Pneumonia symptoms: Worrying sign on lungs after Covid infection you should be aware of

As Omicron continues to spread, the risk of people developing long-term health complications keep rising. Here are the symptoms of pneumonia, one common condition caused by Covid

A woman catching her breath
Some people can develop pneumonia as complication of Covid

A major danger with Covid is you never know which way your symptoms will go. While some have only mild symptoms, others can end up suffering long-term health issues from the virus.

One common complication which can develop after any viral infections including coronavirus, is pneumonia, a condition that causes your lungs to swell up.

The onset of pneumonia can be quite sudden, emerging within a 48-hour period. The NHS has warned that the lung condition can lead to symptoms such as a phlegm-producing cough.

You can also expect to see thick yellow, green, brown mucus when you cough, sometimes it could be blood-stained as well.

Some of the lesser common symptoms of pneumonia are wheezing, headaches, fatigue, nausea, muscle pain


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Here’s everything you need to know about pneumonia symptoms and the best way to prevent it from developing.

What are the symptoms of pneumonia you need to be aware of?

One of the first signs of pneumonia can be noted within your breathing, which can become more laboured.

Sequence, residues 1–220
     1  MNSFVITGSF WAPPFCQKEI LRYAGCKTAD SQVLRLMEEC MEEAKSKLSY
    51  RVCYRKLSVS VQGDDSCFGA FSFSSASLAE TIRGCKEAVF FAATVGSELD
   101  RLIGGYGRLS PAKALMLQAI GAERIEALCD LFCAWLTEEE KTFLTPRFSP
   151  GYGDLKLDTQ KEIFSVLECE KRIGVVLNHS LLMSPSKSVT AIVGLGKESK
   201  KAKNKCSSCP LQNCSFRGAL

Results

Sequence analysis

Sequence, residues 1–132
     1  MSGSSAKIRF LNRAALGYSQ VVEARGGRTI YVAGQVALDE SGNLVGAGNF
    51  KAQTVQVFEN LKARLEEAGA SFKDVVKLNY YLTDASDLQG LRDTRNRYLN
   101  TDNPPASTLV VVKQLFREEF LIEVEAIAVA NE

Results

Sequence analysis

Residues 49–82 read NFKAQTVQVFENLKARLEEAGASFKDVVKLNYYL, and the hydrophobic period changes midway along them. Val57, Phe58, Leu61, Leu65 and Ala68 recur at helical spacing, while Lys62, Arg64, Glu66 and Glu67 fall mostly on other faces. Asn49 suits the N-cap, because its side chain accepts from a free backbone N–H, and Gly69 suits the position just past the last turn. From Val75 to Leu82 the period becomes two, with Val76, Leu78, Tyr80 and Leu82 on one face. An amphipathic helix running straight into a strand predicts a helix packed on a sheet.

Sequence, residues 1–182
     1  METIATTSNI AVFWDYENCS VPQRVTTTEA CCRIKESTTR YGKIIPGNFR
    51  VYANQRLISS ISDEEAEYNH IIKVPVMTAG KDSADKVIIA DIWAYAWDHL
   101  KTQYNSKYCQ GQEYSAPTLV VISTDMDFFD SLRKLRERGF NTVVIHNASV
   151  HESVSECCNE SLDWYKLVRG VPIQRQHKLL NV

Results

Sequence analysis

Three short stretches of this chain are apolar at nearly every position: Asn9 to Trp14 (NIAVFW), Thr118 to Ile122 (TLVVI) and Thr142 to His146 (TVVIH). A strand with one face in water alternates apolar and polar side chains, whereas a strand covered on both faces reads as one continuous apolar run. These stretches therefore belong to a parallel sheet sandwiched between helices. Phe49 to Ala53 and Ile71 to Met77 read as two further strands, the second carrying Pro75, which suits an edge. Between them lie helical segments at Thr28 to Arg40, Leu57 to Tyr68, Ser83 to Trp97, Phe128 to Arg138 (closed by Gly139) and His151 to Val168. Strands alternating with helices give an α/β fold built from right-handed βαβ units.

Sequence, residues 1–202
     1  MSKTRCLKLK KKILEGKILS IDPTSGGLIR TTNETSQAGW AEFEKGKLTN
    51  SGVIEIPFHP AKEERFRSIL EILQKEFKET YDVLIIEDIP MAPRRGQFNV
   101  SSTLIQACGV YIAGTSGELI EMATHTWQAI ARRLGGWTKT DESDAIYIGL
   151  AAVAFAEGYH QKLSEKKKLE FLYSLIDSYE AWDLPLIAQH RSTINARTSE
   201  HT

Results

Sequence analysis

Your breathing could be described as “rapid and shallow” and you could find yourself becoming breathless even during rest.

You can also develop a chest pain, which might get worse when breathing or coughing. Other common signs may include a rapid heartbeat, high temperature, sweating and shivering, a loss of appetite and a general feeling of unwell.

The less common symptoms are headaches, fatigue, nausea, vomiting, wheezing, joint and muscle pain, as well as confusion and disorientation.

Anyone experiencing signs of pneumonia are advised to use the NHS 111 online service. However, if you start coughing blood or develop difficulties in breathing, it might be best to call to 999 for an ambulance.

Who is at risk of developing pneumonia?

Certain at-risk groups can develop more severe symptoms due to pneumonia


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Those who are most at risk of developing pneumonia include:

  • Babies and very young children

  • Elderly people

  • People who smoke

  • People with other health conditions like asthma, cystic fibrosis, a heart, kidney or liver condition

While mild pneumonia can be treated at home with plenty of rest and drinking fluids, certain at-risk groups can develop more severe symptoms and may require hospital treatment.

The NHS explained that whether or not a person develops serious or fatal complications depends on a person’s health and age.

Some complications include e pleurisy which is when the lining between the lungs and ribcage becomes inflamed leading to respiratory failure, lung abscess and blood poisoning.

How to prevent pneumonia

The best way to reduce the risk of developing pneumonia are lifestyle changes, including being a non-smoker. This is because smoking damages the lungs and increases the risk of infection.

Another tip would be to limit alcohol consumption, as alcohol misuse can weaken the lung’s natural ability to fight against infection.

Anyone at high risk of getting pneumonia are also advised to get the flu vaccine. You can also get the Covid vaccines, including the booster to prevent yourself from developing pneumonia as a side effect of Covid.

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